This is a 1972 Volkswagen Beetle. This is a car that, for the most part, needs no introduction. Depending on your age, the Bug can be a variety of different things. It could be that ugly little foreign car with the cheeky adverts in Life magazine (Seriously, click that link). It could be a symbol of 1960s counterculture, and the hippie movement. For some, it could be Herbie the Love Bug, for others, an excuse to physically assault your siblings in a game of punch buggy.
The Beetle was all things to all people, which is exactly what its designers intended. What many don’t know is exactly who those designers were. In 1934, a young up-and-coming German chancellor had a vision. Germany was to have a fast, efficient, interconnected road network, and the people of Germany were to have a car to drive on those roads. A people’s car. A wagon for the volk. A Volkswagen, if you will. Well, the road system became the German autobahn (and later our American highway network) and the car became the Beetle. The German chancellor’s name? Adolf Hitler. Yes ladies and gents, arguably the most iconic car ever made wouldn’t exist without one of the most evil men in history. And the story doesn’t stop there.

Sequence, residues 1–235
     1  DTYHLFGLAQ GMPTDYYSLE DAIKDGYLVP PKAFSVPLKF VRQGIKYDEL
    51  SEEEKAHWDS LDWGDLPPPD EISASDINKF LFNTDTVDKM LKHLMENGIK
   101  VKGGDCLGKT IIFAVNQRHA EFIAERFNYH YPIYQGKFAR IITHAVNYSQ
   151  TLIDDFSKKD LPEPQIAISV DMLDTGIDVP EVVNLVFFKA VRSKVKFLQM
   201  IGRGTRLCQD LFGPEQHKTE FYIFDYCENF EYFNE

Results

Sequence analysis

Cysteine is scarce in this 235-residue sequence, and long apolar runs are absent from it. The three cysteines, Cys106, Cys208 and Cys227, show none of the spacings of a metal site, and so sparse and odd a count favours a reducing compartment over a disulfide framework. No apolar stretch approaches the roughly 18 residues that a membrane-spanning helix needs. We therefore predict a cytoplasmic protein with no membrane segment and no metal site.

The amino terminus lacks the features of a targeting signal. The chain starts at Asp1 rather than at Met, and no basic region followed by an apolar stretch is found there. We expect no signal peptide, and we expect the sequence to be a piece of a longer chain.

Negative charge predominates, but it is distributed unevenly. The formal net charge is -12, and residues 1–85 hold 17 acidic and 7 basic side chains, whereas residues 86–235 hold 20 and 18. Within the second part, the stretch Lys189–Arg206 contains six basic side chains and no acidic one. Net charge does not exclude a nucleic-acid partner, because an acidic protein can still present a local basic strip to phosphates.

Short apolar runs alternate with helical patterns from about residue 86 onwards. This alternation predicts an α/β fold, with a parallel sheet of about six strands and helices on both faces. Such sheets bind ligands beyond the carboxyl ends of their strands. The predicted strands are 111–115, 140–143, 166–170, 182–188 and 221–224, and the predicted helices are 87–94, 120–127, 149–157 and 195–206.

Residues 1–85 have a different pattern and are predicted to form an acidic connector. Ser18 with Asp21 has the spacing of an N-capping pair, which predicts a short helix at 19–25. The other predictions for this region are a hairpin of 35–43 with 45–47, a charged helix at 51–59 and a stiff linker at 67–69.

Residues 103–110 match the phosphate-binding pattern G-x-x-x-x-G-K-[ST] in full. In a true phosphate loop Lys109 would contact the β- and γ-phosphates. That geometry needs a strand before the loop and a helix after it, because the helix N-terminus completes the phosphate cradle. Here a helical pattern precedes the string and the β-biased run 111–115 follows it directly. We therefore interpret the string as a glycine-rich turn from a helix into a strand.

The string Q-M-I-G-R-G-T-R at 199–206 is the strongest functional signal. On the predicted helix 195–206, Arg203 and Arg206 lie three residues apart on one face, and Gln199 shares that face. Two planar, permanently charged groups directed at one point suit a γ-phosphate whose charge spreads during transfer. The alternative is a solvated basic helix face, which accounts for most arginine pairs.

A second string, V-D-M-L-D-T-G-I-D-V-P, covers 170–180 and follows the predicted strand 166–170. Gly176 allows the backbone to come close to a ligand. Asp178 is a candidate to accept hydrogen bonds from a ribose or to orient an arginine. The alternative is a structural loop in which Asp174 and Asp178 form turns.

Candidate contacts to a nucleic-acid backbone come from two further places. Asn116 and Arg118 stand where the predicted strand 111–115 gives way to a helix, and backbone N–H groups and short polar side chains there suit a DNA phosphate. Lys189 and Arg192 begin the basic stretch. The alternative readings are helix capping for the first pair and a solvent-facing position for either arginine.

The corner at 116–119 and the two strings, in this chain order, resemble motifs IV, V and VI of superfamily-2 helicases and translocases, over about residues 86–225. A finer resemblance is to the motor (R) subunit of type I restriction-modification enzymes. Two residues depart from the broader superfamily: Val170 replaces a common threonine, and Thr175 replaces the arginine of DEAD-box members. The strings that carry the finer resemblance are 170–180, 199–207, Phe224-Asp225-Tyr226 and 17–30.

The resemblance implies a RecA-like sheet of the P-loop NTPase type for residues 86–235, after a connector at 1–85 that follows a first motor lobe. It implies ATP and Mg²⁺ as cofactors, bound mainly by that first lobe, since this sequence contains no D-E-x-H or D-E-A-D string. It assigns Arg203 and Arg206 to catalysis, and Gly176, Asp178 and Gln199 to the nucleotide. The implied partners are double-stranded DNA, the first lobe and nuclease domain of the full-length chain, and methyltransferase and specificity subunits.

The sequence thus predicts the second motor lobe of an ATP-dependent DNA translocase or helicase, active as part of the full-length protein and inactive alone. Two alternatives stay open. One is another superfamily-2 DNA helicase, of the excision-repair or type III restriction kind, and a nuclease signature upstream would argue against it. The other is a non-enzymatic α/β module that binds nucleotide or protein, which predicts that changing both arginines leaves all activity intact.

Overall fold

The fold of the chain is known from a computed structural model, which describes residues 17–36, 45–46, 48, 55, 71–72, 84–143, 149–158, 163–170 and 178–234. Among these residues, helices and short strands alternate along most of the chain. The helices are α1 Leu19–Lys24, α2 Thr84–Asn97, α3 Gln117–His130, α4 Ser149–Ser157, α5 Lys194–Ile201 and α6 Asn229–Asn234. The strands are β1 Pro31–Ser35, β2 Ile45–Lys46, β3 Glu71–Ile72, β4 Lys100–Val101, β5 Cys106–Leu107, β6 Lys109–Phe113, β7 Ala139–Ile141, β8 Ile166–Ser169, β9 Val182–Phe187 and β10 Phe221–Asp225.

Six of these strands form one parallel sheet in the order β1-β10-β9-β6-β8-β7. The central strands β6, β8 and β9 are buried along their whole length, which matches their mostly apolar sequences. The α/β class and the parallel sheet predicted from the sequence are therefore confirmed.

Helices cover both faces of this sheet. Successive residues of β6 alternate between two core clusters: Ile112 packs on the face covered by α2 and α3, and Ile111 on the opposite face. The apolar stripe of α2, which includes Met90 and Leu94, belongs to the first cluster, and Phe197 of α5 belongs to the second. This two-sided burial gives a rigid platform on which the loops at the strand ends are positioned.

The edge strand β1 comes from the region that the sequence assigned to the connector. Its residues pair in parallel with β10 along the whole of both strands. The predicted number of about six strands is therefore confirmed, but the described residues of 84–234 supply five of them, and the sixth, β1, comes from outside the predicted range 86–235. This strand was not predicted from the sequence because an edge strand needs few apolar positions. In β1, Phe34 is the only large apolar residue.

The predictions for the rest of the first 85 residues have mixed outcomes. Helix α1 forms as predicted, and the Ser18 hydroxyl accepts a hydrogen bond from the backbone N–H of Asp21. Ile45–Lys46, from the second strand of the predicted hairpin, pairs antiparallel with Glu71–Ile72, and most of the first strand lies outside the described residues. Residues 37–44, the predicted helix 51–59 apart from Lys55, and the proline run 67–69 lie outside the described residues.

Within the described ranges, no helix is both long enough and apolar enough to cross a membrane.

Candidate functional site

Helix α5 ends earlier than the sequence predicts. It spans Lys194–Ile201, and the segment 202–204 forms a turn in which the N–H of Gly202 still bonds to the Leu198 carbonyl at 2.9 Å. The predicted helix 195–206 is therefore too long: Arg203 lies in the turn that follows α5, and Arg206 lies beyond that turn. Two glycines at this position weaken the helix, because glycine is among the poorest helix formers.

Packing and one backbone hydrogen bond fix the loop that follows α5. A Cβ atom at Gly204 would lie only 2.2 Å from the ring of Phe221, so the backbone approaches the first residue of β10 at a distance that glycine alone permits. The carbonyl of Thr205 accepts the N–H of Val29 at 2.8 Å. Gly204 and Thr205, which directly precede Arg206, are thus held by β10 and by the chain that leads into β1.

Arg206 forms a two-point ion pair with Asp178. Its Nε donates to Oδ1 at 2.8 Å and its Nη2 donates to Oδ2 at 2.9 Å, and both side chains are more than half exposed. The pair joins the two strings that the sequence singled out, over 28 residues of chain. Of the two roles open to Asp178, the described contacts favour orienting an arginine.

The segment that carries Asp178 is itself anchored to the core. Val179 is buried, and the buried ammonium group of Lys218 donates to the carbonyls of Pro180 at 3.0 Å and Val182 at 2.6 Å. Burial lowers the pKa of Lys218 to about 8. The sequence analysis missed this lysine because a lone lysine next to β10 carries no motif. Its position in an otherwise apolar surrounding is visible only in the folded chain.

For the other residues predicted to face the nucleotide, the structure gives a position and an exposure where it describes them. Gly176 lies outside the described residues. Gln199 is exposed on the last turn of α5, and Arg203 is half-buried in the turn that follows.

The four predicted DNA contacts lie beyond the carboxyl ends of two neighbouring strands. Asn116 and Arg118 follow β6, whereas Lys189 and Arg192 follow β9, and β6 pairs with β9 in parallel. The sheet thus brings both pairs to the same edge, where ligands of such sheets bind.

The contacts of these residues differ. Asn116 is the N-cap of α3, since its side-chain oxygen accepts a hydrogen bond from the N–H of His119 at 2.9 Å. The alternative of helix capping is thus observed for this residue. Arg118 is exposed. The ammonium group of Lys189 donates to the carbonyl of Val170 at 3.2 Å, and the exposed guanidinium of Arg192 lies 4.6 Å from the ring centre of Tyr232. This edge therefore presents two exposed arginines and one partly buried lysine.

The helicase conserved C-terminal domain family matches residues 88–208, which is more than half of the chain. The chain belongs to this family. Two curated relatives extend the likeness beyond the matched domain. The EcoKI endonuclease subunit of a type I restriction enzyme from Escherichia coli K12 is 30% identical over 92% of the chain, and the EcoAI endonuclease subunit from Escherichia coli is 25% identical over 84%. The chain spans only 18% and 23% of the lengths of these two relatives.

The man Hitler commissioned to design the Volkswagen was a down-on-his-luck engineer named Ferry Porsche who went on to found a rather successful toaster company. Wait, that’s not right. Sports car company. That’s what I was thinking.
This particular Beetle is from 1972, but that doesn’t really matter, because the Beetle didn’t really change that much over it’s 65 year history. The little 60 horsepower 1600cc four cylinder engine was in the back, where the trunk usually went. The spare wheel went in the front, under the hood. The air conditioning didn’t work when the car was driving downhill. It could float.
This seems to be becoming a trend with these things, but I really like the Beetle. Its reliable, but not to such a degree that you couldn’t work on it. It wasn’t fast, but it was fun. This was probably the first car I knew by name. It’s appearance also gave me an excuse to sock whoever was sitting next to me in the arm. And that, to me at least, made it a very special little thing indeed.